Best Beaches on Oregon Coast

Best Oregon Coast Beaches

The Oregon coast is as beautiful as any stretch of coastline in America. While the California sun draws off the tan-seeking masses (Oregon summers are generally mild), Oregonians are left to hike and clam-dig along their own secluded four hundred miles, almost all of its public land.

State parks and campgrounds abound, and extensive and often isolated beaches offer numerous free activities, from beachcombing to shell-fishing and whale-watching.

Although Oregon hasn’t escaped commercialism (only lucky travelers find budget rooms without booking ahead in July and August), the state’s shoreline could well be considered the least exploited, or developed, in the entire US.

Oregon beaches:

Bandon Beach

At the mouth of the Coquille River, twenty miles south of industrial Coos Bay, easygoing Bandon combines old-town restoration with a strong New Age, arts-and-crafts presence.

It was originally a Native American settlement, swamped by the onset of the Gold Rush. The twentieth century began rather ominously, when townsfolk dynamited Tupper Rock, a sacred tribal site, to build the sea wall, and the town was cursed to burn down three times: it’s happened twice so far, in 1914 and 1936, and the superstitious are still waiting for the final conflagration.

Bandon’s main attraction today is its rugged beach, strewn with unusual rock formations and magnificent in stormy weather when giant tree stumps are tossed up out of the ocean like matchsticks.

In calmer conditions, clammers head off to the river’s mudflats, crabbers gather at the town dock, and the whole scene makes for a delightful stroll.

The visitor center is centrally located at 300 SE Second St., and there’s oceanfront accommodation just south of town at the outstanding Sunset Motel, 1755 Beach Loop Drive, which comprises motel rooms, condos, and, best of all, seafront cabins.

West of town, there’s great seafood at Bandon Boatworks, at the end of Jetty Road, and at various eateries along the First and Second streets in the center of town.

Cannon Beach

Nine miles south of Seaside, the more upmarket and pleasant Cannon Beach manages to retain its small-town air despite decades of relentless commercialism.

The place is at its liveliest during the annual Sandcastle Competition, a one-day event held in late May or early June, whose most notable sand works have included dinosaurs, sphinxes, and even the Crucifixion.

Cannon Beach’s best natural draw is its 240ft Haystack Rock, a black monolith crowned with nesting seagulls – accessible at low tide, though definitely not climbable.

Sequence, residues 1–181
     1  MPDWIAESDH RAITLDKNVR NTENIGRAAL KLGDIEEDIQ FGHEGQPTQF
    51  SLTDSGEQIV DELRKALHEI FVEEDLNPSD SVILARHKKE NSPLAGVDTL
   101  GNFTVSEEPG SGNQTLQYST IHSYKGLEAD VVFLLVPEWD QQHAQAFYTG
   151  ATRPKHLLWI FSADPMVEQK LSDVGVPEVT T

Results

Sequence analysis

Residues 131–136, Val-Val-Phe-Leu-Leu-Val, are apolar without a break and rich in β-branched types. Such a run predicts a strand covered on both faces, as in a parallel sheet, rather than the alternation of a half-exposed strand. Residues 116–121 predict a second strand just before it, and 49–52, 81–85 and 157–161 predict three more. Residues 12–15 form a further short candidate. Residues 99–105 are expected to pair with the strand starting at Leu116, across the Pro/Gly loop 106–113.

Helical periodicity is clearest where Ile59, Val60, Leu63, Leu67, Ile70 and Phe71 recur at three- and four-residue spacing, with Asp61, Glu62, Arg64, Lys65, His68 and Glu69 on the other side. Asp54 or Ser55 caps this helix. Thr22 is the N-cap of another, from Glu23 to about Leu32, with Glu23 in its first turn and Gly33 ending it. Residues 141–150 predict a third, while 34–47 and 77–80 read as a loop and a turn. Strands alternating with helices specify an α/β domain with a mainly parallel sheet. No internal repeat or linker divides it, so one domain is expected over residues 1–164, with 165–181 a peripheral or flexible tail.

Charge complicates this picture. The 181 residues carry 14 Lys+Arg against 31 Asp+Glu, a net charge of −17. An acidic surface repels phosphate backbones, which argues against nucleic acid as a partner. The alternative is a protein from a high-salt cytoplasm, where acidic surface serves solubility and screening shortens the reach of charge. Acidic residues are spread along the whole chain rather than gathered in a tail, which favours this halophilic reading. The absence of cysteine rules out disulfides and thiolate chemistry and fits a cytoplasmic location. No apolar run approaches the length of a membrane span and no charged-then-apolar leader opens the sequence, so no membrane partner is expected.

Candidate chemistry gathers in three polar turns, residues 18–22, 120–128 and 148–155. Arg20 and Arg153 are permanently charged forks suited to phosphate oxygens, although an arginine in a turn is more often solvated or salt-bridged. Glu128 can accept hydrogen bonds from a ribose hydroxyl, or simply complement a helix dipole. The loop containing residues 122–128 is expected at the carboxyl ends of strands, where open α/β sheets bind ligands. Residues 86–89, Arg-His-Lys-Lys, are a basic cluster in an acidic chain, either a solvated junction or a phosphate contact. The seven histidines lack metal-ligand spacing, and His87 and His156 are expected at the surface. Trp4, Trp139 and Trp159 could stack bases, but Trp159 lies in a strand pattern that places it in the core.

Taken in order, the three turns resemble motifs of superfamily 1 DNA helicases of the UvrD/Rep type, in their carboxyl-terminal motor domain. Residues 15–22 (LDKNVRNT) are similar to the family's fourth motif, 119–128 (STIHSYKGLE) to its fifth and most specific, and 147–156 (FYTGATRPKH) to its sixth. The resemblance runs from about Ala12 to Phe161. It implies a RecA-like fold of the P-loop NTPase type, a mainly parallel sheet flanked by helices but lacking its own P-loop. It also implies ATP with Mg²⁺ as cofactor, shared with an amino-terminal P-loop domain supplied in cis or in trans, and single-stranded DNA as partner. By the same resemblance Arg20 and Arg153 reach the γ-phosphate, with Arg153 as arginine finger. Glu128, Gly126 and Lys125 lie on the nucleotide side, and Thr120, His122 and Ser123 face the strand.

To escape the town’s inevitable crush of tourists, head four miles north to Ecola State Park, where dense conifer forests decorate the basaltic cliffs of Tillamook Head, or south to Oswald West State Park where there is a beautiful beach, rocky headland, and coastal rainforest.

Oswald West, a tent-only campground popular with surfers, has wheelbarrows to transport your gear to the site.

Accommodation is tight, especially at competition time. Cannon Beach Hotel, 1116 S Hemlock St., is a petite, European-style hotel, while the popular Waves Motel is right on the seafront at 188 W Second St.

For food, Midtown Cafe, 1235 S Hemlock S., has the best breakfast in town; the Bistro, 263 N Hemlock St., doles out a fine range of seafood; and Heather’s Cafe, 271 N Hemlock St., makes a mean grilled-cheese sandwich.

Florence Beach

Located on the central Oregon coast along Highway 101, Florence is a scenic and recreational paradise.

A charming old town that was originally a mill town, Florence has a population of over 6200.

Old Town boasts a number of interesting shops and restaurants, and there is a marina and RV campground on the waterfront. Along Highway 101, there are many new stores in this growing area of the Oregon coast.

Massive sand dunes characterize the area around Florence. Located on the northern edge of the National Dunes Recreation Area (NDRA), Florence is best known for the hiking, bird watching, horseback, and dune buggy riding activities available in the dunes.

The NDRA contains some of the largest oceanfront dunes in the world, ranging up to 500 feet high and forming banks up to three miles deep. The Oregon dunes are the largest expanse of coastal sand dunes in the U.S. and stretch for 50 miles between Florence and Coos Bay.

Other popular recreational activities include fishing, swimming, and boating in the 17 lakes around Florence and crabbing, clamming, and ocean, and river fishing.